I run a DHX2 on a 2020 EVO which came as standard equipment. This was before they figured out the issue. I am fairly lightweight and have yet to break a shaft but I have replaced a shaft as part of a damper service to be on the safe side. It was quite polished on one side, likely because that side of the seal had more force applied to it during compression therefore "polishing" one side of the shaft.

Fox or Specialized might state they "cannot accept" a coil shock but the reality is, the frame's can. There are a few limiting factors to bear in mind however:

Due to the sidearm, there is limited space for a shock body. Care needs to be taken to ensure there is no risk of the body fouling the sidearm for obvious reasons. This is not only limited to coil shocks. Fox X2 have issues with adequate clearance with alloy frames however just fit on some carbon frames. Only way to know is try it out and look at the clearance throughout the stroke.

Stroke length and eye to eye, technically, you could run slightly longer/shorter eye to eye but this will change other geometry and potentially cause clearance issues. Same with overstroking. I removed a 5mm limiting spacer on my DHX2 to gain some extra travel and this can also be done with airshocks but you need to check clearances to make sure the rear triangle doesn't foul on the seat stay or your in for a bad time. I'm probably being a bit tight and risky with my clearance but I haven't had any issues yet touch wood. Depends on your appetite for risk.

Just want to set the record straight. Yes its possible to run a coil. they fit and mount up fine however there are things to know. I have run both a coil an air shock. Due to the kinematic design of the SJ, they are more suited toward an airshock but they do feel great with a coil also. They feel like two different bikes. Air shock will make it feel like an energetic trail bike that gives lots of feedback, a coil will make the SJ feel a little more dull but smooth.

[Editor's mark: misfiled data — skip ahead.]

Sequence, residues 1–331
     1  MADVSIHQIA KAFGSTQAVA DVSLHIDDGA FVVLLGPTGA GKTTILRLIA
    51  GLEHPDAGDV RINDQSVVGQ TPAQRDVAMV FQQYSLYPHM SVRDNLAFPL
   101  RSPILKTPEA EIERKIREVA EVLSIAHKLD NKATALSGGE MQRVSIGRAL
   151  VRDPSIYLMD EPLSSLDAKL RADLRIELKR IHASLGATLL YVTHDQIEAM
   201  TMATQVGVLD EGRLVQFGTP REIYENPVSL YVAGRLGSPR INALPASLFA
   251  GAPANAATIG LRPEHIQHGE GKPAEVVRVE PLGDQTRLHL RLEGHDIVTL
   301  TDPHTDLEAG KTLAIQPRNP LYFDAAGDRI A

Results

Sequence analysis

If you want to use a coil, I would recommended a Cascade Components link to help remedy the leverage ratio issue, a progressive spring to introduce even more progression into the design and if possible, a shock with hydraulic bottom out as they have a tendency to blow through the travel even with the link and progressive spring.

Posted: Nov 26, 2022 at 2:36 Quote
hi all

i need help plz im looking to replace my headset bearings on my 2021 stumpjumper comp ally anyone no where the best to buy it from on the website plz

thanl you

Posted: Dec 21, 2022 at 19:29 Quote
I know this is ‘21 model thread, but any comments about running a coil on the ‘22 alloy frame?

New toy Shorter travel trail bike for the collection Specialized Stumpjumper Alloy Ohlins suspension Magura brakes. Drivetrain upgrades coming
Before the fork swop. M2 is going to another bike bumped to 170. This one will be running a RXF36 EVO with a 150mm M2 air spring,